low-income, sickle, cell, Black chilldren

Low-Income Black Children With Sickle Cell Face Denials Of Disability Benefits

Sickle cell disease is a severe monogenic disease associated with high morbidity, mortality, and a disproportionate financial burden on Black communities.

Approximately 1 in 365 Black children are born with sickle cell disease, according to the Centers for Disease Control and Prevention, but data show a surge in application denials for disability benefits.

Sickle cell disease, a group of inherited red blood cell disorders, is associated with high morbidity, mortality, and a disproportionate financial burden on Black communities. The lifetime burden of total medical costs attributable to sickle cell disease is four times more than people living without the disease, the National Institutes of Health found. In response, a federal government disability payment program known as the Supplemental Security Income, or SSI, works to boost low-income Americans out of poverty and provide health insurance. Payments can amount to up to $900 monthly, contingent upon income and household factors.

However, roughly 76% of those applicants, or at least 12,249 families, had their requests denied between 2015 and 2020, according to an analysis of federal data, CBS News reported.

In 2013, the Social Security Administration proposed revising the Listing of Impairments criteria that evaluates cases involving hematological disorders in adults and children. Medical experts and legal scholars claim that these changes that took effect in 2015 limit access to benefits for children with sickle cell disease, including the process of gathering and proving disability.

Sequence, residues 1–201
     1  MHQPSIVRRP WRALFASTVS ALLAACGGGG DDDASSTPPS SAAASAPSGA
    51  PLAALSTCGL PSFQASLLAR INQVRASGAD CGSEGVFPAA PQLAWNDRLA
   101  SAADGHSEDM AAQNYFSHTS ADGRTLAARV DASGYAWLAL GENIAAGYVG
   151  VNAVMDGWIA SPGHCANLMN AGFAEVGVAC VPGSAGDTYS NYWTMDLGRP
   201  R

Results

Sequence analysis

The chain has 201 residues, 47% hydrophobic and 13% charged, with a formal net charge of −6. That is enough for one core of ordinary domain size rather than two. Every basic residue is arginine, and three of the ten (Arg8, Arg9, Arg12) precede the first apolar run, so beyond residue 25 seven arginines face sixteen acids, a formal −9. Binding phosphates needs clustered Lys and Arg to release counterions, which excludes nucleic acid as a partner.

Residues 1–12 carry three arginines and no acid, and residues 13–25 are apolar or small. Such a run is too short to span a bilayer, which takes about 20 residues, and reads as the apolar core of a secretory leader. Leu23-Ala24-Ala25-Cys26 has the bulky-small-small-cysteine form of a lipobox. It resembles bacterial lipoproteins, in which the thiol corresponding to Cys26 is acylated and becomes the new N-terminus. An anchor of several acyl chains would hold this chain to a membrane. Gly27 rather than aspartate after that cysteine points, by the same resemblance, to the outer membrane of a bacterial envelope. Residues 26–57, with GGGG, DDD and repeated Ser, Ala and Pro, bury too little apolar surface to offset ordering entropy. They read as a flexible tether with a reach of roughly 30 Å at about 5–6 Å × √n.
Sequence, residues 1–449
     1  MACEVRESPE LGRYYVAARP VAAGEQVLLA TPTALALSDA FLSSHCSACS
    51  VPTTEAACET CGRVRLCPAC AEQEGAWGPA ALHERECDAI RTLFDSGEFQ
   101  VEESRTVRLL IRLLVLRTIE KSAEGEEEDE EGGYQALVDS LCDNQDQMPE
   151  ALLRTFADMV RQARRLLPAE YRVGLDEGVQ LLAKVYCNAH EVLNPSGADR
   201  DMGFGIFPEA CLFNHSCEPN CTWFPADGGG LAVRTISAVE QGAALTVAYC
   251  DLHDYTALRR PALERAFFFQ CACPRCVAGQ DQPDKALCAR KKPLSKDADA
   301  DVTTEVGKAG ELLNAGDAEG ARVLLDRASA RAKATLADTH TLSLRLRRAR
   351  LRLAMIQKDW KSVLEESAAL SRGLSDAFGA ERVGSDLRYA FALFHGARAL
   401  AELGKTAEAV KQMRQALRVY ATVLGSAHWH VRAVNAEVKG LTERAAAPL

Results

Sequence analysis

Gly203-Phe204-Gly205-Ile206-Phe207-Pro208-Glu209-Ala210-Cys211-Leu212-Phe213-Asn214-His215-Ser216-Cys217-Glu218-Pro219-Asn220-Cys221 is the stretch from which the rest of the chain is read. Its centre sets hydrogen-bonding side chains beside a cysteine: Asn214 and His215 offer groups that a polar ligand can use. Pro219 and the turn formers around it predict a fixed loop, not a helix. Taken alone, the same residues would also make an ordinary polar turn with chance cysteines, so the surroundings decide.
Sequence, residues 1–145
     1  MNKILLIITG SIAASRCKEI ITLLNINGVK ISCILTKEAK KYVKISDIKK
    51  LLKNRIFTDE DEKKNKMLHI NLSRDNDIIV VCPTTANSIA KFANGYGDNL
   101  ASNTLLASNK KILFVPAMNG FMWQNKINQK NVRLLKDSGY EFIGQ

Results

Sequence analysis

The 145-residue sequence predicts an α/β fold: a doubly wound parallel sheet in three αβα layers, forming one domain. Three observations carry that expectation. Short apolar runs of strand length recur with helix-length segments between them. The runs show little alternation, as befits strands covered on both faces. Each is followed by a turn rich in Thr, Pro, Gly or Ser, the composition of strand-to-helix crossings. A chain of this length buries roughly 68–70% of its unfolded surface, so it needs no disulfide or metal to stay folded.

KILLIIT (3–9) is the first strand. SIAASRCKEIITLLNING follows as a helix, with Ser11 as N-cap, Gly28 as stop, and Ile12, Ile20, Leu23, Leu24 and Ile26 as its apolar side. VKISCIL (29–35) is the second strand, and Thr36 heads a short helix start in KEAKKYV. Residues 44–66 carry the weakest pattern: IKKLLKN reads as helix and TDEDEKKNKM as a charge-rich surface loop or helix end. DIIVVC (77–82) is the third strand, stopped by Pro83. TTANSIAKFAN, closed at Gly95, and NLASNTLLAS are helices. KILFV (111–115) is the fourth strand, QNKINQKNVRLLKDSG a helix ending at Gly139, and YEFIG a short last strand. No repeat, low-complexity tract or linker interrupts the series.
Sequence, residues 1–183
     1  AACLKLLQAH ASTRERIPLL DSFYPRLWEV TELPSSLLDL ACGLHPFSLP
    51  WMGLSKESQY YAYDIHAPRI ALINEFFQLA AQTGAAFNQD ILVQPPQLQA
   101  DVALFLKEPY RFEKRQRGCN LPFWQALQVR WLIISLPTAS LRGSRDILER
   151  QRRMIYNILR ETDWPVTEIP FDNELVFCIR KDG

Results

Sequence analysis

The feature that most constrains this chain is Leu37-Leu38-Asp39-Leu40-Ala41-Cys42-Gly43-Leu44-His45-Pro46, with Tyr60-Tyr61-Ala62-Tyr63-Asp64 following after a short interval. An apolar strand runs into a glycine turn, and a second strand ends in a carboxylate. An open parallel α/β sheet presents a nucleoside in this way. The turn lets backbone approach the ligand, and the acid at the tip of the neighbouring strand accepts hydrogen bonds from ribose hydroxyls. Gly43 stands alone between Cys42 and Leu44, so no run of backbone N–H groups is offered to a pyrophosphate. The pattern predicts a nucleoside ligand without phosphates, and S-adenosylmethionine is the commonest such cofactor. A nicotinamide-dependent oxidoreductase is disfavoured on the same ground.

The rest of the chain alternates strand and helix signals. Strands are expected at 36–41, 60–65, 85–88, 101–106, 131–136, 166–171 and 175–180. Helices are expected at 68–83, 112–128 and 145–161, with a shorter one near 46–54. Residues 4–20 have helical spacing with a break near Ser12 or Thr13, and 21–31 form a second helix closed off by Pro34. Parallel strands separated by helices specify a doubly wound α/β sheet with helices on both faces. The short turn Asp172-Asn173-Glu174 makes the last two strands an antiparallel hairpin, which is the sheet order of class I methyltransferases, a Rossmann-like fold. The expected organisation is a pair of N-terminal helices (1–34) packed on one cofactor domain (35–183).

“SSA must rely on information from medical providers, schools, and other systems to decide who is eligible to receive and maintain SSI benefits. Therefore, where racism and inequity exist in education, medicine, behavioral health, criminal justice, and child welfare systems, racism and inequity are perpetuated in the administration of SSI benefits,” according to research supported by the Community Legal Services in Philadelphia (CLS).


The new stricter rules require that a patient’s history includes three hospitalizations in a year, each lasting at least 48 hours and occurring at least 30 days apart. In contrast, the older standards required only one hospital stay related to the disease within the past year of filing the disability application.

Upon request, CLS obtained the nonpublic data from the SSA revealing the staggering number of children denied benefits between 2011 and 2020. From 2011 to 2015, the denial rate for child sickle cell cases averaged 62.3%. Following the rule change, the rate soared to an average of 76% over five years. Approximately 1,456 children who were qualified under the old standards were rejected under the new requirements.

Levella Golden, the Black mom of a child with sickle cell disease, identifies as being in the lower class. She told CBS News that not only were her applications for benefits denied five times, but the SSA noted her income in the denials. Her claim did not appear to meet the requirements for receiving disability benefits.

“I’m in the lower class, and it’s really hard living paycheck to paycheck,” she said. “If my family was rich, why would we try to get Social Security disability? I don’t make enough money.”